5 Real Questions To Ask Yourself If You Aren’t Getting What You Want

A few years ago, I was a 17-year-old girl in the general admission section at a Bruce Springsteen concert. Surrounded by fans much older and more dedicated than myself, I listened in awe as everyone swapped stories about their musical idol; the first time they heard his music, the songs of his they danced to at their weddings, the amount of live concerts they’d seen. When one of them looked towards me, I chimed in, “My favorite memory of Bruce is probably last year, when I met him!”

A few eyes around me widened, and a few narrowed into looks of anger.

“You’re not even old enough to be a fan. How did you get to meet him? How come I haven’t gotten to meet him after all these years?”

I thought for a minute before answering in the most honest way I could. “Well, I asked a lot of people if I could meet him, then waited around until he came out. Did you ever try?”

I think that was the first time I ever saw a “grown-up” look at me as if I’d actually said something smart enough to make them think.

It made me think, too.

There are a lot of different ways to approach getting something you want, whether your goal is something little like meeting a celebrity, or something big, like changing careers or getting a certain job. If you want something badly, but you’re still not reaching your desired outcome, you may want to ask yourself these questions:

1. Do I know exactly what it is that I want?

There is a difference between passively “wanting” something (i.e. knowing you would be pleased or content if this thing happened to you), and very actively wanting something to the point where you actually seek it out yourself and take steps towards it. If you know exactly what it is you want, you’ll be able to create a plan of action that is specified to the desired outcome, and up your chances of actually making it happen.

2. Do I know what I don’t want?

Almost equally as important as having a specific desire in mind is knowing exactly what you don’t want out of life, so you can take the appropriate steps in ensuring those things don’t happen. If you know for certain a specific type of job you truly would hate having, (like working in a retail store, for example), you’ll be more inclined to take steps that help ensure you don’t end up needing to work that type of job. Although there is a negative connotation associated with “not wanting” something, confidently knowing what you don’t want is every bit as much of a goal as wanting something is.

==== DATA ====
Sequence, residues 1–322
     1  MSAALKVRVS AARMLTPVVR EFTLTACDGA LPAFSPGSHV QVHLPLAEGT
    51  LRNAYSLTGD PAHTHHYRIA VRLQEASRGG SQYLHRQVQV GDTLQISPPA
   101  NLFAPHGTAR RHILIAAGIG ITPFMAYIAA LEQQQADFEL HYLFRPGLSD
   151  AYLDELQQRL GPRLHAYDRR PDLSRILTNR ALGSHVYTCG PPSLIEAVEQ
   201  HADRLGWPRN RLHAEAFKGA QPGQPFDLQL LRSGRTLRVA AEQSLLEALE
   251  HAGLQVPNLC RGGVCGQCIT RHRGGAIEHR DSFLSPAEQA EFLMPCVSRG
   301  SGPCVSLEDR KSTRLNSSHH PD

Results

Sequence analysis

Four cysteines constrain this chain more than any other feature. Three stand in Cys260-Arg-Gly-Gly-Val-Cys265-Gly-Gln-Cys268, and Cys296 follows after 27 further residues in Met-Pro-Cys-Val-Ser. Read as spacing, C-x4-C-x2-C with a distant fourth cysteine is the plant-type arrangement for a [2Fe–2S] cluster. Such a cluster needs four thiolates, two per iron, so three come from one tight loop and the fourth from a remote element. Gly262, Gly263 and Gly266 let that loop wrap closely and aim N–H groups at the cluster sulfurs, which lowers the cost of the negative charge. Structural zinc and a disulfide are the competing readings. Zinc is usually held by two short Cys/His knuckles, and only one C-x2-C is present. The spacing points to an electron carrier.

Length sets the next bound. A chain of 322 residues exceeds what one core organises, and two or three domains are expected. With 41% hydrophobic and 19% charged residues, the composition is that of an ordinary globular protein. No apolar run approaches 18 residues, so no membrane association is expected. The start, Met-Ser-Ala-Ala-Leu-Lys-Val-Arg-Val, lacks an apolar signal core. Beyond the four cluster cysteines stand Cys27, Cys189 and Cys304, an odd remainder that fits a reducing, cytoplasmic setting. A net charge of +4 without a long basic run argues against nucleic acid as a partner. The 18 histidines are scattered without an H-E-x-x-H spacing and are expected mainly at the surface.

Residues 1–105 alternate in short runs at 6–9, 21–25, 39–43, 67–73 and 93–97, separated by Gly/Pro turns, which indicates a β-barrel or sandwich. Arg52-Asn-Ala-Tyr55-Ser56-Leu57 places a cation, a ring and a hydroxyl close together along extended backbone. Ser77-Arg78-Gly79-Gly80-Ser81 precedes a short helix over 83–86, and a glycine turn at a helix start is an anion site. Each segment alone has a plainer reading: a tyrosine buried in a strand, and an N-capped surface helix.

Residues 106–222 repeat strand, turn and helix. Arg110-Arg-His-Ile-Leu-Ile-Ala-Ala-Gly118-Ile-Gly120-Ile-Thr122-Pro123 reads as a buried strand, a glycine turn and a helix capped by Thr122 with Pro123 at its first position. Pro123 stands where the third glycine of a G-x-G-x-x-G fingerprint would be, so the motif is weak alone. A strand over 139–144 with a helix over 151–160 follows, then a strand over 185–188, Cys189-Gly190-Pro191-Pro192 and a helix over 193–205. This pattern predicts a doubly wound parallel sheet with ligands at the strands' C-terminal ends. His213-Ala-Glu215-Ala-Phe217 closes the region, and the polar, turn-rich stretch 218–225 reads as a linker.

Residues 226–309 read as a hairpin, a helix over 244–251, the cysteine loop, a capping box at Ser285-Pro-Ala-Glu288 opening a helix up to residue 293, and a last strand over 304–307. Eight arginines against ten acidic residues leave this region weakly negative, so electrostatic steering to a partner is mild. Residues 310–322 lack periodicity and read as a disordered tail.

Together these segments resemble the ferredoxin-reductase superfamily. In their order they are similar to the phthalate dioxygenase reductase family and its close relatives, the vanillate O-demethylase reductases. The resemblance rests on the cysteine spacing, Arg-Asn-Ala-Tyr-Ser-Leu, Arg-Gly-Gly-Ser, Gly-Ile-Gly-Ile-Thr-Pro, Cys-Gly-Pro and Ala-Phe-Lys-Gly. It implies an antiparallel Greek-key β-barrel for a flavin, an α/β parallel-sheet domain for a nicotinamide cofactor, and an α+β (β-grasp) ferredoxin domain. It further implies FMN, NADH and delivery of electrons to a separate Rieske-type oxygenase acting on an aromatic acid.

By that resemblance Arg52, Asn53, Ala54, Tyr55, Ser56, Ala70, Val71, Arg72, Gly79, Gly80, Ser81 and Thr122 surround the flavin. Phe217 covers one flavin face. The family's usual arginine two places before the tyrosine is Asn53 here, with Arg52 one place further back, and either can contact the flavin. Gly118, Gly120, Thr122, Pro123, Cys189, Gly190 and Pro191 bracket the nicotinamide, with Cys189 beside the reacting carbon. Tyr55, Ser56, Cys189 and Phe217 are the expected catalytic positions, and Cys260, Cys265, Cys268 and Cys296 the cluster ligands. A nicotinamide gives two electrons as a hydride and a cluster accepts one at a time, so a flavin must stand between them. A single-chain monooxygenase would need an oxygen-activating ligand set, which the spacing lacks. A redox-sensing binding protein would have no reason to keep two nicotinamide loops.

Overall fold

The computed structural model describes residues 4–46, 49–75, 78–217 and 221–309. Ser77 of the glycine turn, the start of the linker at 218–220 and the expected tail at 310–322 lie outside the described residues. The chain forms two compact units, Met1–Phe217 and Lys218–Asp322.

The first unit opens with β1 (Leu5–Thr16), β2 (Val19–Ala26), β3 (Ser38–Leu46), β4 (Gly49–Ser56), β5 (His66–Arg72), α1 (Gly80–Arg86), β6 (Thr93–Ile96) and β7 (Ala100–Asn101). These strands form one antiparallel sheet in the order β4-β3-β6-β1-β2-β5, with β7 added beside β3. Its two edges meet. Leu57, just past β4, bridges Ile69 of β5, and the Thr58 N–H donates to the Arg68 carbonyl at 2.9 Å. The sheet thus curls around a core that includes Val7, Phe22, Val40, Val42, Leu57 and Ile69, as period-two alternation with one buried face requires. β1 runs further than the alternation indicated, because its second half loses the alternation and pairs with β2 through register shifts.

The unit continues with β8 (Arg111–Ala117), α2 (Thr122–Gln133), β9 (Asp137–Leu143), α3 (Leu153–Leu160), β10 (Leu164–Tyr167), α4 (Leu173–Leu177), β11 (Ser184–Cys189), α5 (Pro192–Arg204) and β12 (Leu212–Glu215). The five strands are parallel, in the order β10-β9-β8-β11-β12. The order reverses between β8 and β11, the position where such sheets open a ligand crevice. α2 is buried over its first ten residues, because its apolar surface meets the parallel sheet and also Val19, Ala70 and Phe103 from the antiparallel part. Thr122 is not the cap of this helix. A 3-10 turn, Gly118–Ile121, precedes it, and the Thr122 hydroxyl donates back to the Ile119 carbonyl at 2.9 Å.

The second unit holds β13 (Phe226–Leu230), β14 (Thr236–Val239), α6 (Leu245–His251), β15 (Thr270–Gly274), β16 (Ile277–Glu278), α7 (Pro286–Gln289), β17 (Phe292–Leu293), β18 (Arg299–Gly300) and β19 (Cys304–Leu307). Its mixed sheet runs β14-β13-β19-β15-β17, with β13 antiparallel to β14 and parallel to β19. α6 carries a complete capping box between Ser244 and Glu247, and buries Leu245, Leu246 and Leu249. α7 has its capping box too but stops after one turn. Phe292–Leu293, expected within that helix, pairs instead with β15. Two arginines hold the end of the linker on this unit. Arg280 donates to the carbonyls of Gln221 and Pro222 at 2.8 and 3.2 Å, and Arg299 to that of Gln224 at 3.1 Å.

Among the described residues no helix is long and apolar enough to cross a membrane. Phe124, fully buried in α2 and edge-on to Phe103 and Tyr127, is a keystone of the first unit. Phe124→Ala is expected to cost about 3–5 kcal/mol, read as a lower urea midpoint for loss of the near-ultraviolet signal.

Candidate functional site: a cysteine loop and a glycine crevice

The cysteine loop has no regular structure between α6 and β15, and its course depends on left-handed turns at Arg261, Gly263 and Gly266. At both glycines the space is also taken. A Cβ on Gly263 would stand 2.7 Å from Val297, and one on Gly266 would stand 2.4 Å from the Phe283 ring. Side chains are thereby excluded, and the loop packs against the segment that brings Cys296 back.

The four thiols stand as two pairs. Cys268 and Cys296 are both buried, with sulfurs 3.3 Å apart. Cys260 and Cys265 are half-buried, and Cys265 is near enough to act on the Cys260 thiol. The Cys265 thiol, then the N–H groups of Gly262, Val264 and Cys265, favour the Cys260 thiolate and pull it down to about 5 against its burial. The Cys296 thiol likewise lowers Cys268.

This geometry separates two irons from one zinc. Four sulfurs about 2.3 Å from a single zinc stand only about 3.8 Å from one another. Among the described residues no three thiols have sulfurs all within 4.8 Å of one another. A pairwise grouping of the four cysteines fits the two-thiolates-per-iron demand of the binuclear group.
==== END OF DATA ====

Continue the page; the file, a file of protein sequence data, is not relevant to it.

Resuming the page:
3. Have I planned?

I’ve written about this before, but I feel strongly about the fact that simply wanting something isn’t enough to get it. There is a certain amount of work that has to be put in to achieving most goals, and sometimes, that work needs to couple up with a good amount of luck to actually make the dream a reality. With that being said, researching how others before you have achieved the goal you’re after, and then diligently planning the steps you need to take to get there is an essential part of realizing any dream or goal.

4. Have I done everything I could alone?

If you really need something to happen, you have to ask yourself if you’ve done everting within your power to make it a reality. You need to exhaust every possibility before moving on to outside help. If not, you may want to move to question five.

5. Have I asked?

Sometimes, getting what you want (whatever that may be) could be as simple as freaking asking for it. This is where that “Did you ever try?” question comes into play. Do you want to meet someone in your field whom you admire? Reach out and ask them. Do you feel like you’ve been working extra hard, and you want a raise? Ask your boss. Do you feel like you are ready for a new responsibility at work? Ask your supervisor. Do you feel like it is time to take the next step in your relationship? Ask your partner. Oftentimes, other people have a certain amount of pull in getting you what you want, and you could be missing out by simply being too nervous to ask them. If you really want something, ask – the worst they could possibly do is say no. Then you move on to Plan B.

Mary writes every day for TFD, and tweets every day for her own personal fulfillment. Talk to her about money and life at mary@thefinancialdiet.com!

Image via Pixabay

  • Judith

    Great point of view, Mary! And so sensible. Love your Bruce Springsteen story.

  • TJ

    That has always been my dad’s advice “The worst thing they can say is no”
    You basically never get punished for asking for something reasonable in a polite way. It’s amazing how I’ve been able to get refunds, rescheduled appointments, and even career advice from people I admire simply by asking

  • buckwheat

    What a good perspective!

  • Pearl

    This reminds me of one of my favorite quotes:

    “It’s hard to hit a target you aren’t aiming for.”

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